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Extracted from Survival Guide to Midwifery, 2nd Edition (2012) Diane M. Fraser and Margaret A. Cooper, Oxford; Churchill Livingstone: 2012. Courtesy Elsevier

The perineum is the region between the vulva and the anus. In the second stage of labour, the perineum distends as the baby's head descends towards the vulva. The majority of women who have a vaginal birth will sustain some degree of perineal trauma, either from a spontaneous perineal tear or episiotomy or both. (See Episiotomy).

Perineal trauma

Spontaneous trauma may be of the labia anteriorly, the perineum posteriorly or both. A gentle, thorough examination must be carried out to assess the extent of the trauma accurately and to determine who should carry out the repair.

  • Anterior labial tears. A suture may be necessary to secure haemostasis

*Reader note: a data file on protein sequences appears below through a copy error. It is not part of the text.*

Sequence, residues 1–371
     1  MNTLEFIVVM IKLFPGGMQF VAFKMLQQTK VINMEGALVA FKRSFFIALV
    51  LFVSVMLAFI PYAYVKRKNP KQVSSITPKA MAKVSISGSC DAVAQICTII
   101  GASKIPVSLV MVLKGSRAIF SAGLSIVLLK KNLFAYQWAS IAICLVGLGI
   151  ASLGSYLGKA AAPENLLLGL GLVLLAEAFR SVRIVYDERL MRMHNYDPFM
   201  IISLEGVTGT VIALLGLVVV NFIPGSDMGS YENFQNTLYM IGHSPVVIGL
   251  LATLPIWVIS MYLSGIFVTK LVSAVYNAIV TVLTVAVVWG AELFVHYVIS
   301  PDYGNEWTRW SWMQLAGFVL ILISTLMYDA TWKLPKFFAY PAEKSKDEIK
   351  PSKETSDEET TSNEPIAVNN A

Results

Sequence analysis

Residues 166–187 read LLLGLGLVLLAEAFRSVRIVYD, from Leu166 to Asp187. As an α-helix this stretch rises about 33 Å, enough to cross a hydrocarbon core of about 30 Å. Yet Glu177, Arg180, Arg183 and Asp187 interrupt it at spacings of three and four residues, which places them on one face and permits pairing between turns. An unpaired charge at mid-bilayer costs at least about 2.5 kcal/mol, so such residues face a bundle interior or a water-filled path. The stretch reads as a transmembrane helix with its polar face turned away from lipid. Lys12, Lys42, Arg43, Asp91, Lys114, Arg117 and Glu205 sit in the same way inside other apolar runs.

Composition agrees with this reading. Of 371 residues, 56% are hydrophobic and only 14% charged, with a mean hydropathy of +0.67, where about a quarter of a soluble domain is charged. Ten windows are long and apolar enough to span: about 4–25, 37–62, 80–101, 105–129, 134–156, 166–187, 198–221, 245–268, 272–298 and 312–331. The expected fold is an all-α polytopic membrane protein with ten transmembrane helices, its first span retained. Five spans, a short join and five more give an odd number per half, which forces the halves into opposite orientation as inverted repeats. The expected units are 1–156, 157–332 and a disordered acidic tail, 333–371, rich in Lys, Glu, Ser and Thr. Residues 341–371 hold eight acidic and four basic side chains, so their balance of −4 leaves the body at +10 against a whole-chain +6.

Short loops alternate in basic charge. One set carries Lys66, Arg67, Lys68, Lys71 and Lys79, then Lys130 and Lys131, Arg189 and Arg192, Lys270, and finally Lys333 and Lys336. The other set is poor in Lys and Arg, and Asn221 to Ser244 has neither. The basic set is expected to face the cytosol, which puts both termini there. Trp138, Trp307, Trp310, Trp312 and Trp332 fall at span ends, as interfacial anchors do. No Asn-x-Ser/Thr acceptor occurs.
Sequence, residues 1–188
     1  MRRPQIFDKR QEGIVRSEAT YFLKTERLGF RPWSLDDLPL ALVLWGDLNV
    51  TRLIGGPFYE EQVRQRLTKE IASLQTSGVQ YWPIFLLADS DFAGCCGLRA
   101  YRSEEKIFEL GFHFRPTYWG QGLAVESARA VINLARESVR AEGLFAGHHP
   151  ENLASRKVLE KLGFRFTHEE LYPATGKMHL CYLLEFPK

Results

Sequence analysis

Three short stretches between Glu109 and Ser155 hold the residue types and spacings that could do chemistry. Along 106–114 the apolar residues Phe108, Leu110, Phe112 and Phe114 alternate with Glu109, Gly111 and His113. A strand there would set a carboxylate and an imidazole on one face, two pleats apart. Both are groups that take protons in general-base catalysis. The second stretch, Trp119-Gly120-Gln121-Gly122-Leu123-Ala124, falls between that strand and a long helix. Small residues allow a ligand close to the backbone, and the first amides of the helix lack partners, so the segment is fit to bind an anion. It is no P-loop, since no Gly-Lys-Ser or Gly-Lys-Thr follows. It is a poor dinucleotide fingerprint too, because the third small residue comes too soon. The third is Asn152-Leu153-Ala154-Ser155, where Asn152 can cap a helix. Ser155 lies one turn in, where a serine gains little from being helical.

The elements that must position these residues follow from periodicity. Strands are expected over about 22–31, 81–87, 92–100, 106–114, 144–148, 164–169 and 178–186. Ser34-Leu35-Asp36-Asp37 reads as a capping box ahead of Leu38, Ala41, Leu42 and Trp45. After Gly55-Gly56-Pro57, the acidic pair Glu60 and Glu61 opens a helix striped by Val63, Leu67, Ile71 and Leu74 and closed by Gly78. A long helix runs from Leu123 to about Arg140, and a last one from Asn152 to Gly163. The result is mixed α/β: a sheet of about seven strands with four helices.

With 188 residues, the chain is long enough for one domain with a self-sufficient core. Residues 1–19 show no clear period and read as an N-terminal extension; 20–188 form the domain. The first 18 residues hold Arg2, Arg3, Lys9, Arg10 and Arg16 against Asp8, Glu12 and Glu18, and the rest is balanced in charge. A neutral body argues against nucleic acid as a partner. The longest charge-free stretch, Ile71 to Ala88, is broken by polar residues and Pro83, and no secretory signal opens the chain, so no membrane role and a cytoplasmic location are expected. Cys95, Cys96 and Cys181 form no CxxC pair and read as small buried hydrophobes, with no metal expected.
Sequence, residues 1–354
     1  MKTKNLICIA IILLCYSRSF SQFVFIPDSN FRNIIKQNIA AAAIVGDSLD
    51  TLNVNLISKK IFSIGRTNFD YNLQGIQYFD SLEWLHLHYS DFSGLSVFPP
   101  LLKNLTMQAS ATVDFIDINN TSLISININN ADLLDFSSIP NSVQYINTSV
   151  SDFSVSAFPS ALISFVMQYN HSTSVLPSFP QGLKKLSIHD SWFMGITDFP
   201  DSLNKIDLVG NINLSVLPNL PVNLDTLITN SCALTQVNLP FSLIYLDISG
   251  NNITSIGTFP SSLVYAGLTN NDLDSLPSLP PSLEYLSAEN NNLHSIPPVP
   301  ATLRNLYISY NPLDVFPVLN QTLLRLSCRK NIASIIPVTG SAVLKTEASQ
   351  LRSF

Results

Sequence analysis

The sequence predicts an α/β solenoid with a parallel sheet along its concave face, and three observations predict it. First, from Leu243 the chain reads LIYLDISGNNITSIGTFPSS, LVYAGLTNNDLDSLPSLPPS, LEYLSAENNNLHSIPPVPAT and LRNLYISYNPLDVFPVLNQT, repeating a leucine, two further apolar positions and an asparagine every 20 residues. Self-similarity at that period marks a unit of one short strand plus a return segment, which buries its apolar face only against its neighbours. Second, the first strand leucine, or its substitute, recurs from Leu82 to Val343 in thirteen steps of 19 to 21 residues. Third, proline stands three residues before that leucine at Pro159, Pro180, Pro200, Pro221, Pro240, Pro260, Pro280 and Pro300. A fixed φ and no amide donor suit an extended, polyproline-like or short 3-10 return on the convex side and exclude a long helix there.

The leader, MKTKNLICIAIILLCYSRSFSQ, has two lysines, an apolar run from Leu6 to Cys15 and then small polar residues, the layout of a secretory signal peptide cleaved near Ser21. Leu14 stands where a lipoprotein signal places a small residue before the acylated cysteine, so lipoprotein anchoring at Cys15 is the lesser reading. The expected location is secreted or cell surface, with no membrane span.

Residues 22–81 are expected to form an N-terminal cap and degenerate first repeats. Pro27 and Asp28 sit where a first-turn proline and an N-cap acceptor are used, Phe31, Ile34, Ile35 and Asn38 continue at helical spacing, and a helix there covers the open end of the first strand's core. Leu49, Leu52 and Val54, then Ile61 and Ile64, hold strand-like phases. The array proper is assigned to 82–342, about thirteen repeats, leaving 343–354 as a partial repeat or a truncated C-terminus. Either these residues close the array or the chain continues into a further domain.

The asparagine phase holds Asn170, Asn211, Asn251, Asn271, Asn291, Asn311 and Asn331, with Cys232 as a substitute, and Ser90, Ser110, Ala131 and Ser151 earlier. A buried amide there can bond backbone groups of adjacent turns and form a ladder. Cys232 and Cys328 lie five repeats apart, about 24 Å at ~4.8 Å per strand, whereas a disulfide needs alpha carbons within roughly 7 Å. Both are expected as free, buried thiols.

• Posterior perineal trauma. Usually classified in degrees. Third- and fourth-degree tears should be repaired by an experienced obstetrician, under general anaesthetic or effective epidural or spinal anaesthesia
  • First degree tear - involves the fourchette only
  • Second degree tear - involves the fourchette and the perineal muscles
  • Third degree tear - involves the fourchette, the perineal muscles and the anal sphincter
  • Fourth degree tear - sometimes used to describe trauma that extends into the rectal mucosa

The Practising Midwife featured articles

Enhancing postnatal perineal care 2012; 15(6): 26 - 28 Author: Judith Stolberg

Hands-on or hands-poised: what does the evidence say? 2015; 18(7): 10 - 12 Authors: Petra Petrocnik, Jayne Marshall

Advancing Practice: Perineal protection 2015; 18(7): 14 - 16 Suyal Steinhauer

Midwifery Basics: 7. Perineal suturing 2016; 18(4): 29 - 32 Blease M, Taylor K;

Further reading

Royal College of Midwives. (2012) Evidence Based Guidelines for Midwifery-Led Care in Labour: Care of the perineum.


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